Exhaustive exercise also stimulates the release of cortisol, a stress hormone produced by the adrenal glands. Cortisol’s influence further stimulates muscle breakdown. Getting protein and carbohydrates (to replenish glycogen) helps reduce catabolism and muscle breakdown. So, getting protein and carbohydrates into your body in a reasonable period of time after a workout and getting enough protein is important for muscle preservation.
Support Immune Health
Refueling after a workout may also help you avoid a cold or viral infection. Whey protein, in particular, is linked with healthier immune function after a challenging workout session. Intense or prolonged exercise is stressful to your body and can suppress the function of white blood cells that fight infection. Whey protein, based on research, helps ramp up your body’s natural defenses against viruses. As mentioned, intense workouts and workouts of long duration stimulate the release of cortisol. The release of cortisol suppresses your body’s ability to mount an immune response. That’s why physical or mental stress increases the risk of developing an infection. Refueling within a few hours of a workout supports the health of your immune system.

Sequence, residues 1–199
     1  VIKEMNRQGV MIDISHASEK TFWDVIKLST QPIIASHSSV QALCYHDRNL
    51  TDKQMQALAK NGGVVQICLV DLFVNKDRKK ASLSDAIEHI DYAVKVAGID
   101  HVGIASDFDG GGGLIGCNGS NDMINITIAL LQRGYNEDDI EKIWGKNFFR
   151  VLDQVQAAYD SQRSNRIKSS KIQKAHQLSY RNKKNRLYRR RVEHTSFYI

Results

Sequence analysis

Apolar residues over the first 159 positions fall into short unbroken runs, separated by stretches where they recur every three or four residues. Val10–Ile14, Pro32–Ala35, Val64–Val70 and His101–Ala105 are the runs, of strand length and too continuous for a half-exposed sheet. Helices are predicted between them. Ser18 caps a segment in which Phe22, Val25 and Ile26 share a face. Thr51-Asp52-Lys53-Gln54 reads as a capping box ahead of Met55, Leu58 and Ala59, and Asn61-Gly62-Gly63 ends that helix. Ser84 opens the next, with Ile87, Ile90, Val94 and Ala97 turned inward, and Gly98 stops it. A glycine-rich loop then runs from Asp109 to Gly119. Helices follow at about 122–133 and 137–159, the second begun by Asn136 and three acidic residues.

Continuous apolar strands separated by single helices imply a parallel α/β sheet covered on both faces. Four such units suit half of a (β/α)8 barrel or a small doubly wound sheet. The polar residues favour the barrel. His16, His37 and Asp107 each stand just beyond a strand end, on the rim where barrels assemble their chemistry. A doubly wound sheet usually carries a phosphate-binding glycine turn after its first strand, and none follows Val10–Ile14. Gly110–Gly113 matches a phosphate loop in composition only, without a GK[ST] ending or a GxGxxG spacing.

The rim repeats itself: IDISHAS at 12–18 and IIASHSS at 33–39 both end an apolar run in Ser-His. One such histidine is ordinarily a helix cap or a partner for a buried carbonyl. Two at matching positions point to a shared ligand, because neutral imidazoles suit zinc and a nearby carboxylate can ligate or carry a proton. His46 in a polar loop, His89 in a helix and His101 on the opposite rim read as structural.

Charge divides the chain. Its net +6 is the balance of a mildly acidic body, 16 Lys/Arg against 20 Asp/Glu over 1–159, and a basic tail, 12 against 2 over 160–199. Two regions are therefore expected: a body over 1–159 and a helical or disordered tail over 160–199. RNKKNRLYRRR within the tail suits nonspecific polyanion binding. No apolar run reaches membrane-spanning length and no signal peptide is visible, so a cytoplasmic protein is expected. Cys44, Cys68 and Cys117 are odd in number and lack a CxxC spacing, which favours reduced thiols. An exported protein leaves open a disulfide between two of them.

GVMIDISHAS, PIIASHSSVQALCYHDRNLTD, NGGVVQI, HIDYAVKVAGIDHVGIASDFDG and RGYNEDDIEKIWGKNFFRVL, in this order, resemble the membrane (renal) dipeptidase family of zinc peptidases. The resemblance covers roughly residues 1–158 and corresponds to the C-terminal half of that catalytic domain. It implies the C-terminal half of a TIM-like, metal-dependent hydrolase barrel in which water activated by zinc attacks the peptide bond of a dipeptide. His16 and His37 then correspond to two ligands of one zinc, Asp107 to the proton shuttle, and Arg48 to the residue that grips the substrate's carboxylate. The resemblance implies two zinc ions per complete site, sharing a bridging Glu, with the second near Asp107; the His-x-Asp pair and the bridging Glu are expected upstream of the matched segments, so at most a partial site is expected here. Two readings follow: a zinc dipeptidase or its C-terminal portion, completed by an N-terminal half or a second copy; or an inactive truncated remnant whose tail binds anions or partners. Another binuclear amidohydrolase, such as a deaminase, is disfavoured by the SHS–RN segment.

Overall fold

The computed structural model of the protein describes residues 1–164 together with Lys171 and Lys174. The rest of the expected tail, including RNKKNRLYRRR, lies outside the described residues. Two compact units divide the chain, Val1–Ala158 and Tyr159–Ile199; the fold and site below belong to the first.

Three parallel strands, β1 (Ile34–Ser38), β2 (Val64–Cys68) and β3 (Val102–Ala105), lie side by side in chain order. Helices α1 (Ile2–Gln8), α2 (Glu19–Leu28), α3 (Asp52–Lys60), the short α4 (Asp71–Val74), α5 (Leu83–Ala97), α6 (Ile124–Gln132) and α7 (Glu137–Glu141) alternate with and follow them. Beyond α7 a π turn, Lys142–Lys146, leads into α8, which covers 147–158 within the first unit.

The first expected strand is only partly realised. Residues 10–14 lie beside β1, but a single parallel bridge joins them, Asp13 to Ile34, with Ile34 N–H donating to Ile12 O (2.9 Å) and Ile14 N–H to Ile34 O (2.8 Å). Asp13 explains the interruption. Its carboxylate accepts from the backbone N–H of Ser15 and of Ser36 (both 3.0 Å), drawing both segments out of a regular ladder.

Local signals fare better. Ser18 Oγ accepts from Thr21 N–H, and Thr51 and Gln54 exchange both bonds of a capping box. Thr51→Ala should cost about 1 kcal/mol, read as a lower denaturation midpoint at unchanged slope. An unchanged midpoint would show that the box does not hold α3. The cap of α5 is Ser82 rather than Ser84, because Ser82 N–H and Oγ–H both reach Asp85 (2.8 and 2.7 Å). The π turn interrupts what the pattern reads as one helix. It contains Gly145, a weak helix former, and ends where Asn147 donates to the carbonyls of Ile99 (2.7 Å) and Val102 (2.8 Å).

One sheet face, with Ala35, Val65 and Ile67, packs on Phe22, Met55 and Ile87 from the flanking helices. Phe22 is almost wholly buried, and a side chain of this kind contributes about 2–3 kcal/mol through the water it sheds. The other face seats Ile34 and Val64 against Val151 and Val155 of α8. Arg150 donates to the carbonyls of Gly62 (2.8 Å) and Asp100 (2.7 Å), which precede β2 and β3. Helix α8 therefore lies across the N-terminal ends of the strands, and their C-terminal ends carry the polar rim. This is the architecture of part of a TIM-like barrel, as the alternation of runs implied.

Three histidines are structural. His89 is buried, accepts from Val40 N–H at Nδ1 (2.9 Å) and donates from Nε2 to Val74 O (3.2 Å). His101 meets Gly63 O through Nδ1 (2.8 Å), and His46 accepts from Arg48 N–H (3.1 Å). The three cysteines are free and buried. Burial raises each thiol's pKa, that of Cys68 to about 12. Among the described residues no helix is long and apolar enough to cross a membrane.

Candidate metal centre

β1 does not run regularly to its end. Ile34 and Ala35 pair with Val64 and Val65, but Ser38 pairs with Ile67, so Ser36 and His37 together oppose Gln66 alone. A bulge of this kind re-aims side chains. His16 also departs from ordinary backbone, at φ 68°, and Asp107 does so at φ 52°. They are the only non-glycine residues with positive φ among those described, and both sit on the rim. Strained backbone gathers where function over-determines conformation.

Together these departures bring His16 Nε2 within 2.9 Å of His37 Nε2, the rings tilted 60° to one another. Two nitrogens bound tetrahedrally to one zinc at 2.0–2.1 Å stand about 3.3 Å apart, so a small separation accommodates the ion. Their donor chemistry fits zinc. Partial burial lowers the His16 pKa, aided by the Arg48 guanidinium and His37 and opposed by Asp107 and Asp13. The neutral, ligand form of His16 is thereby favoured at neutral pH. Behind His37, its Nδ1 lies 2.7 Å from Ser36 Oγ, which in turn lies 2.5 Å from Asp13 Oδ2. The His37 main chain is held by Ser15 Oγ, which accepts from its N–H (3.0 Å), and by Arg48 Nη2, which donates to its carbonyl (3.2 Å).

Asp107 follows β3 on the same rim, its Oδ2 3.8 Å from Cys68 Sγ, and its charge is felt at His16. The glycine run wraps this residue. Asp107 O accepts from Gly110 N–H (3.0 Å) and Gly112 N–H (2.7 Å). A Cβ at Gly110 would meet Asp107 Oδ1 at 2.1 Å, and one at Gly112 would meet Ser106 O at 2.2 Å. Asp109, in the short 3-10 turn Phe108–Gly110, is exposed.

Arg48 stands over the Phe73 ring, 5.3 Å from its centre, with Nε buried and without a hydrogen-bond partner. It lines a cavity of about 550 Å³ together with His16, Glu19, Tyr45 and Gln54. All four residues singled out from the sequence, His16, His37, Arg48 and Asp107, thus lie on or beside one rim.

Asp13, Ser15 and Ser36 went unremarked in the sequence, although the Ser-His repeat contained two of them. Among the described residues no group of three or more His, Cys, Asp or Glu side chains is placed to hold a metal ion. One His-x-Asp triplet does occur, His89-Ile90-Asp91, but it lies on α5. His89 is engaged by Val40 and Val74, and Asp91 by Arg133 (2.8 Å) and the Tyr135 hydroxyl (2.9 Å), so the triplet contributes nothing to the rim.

Don’t forget about carbs. Consuming carbs during and right after a workout helps limit the release of cortisol and, in turn, reduce suppression of your immune system and muscle breakdown. So, protein and carbohydrates are essential dietary components for adequate exercise recovery.
The Bottom Line
Now, you know why you need protein (and carbohydrates) after a workout but it’s most important to make sure you’re getting enough total protein in your diet. With so many sources of protein available, both animal and plant-based, you don’t have to resort to supplements, although a whey protein shake is a convenient way to supply your body with protein quickly. Just make sure you’re not waiting too long after a workout is over to get your protein and carbs.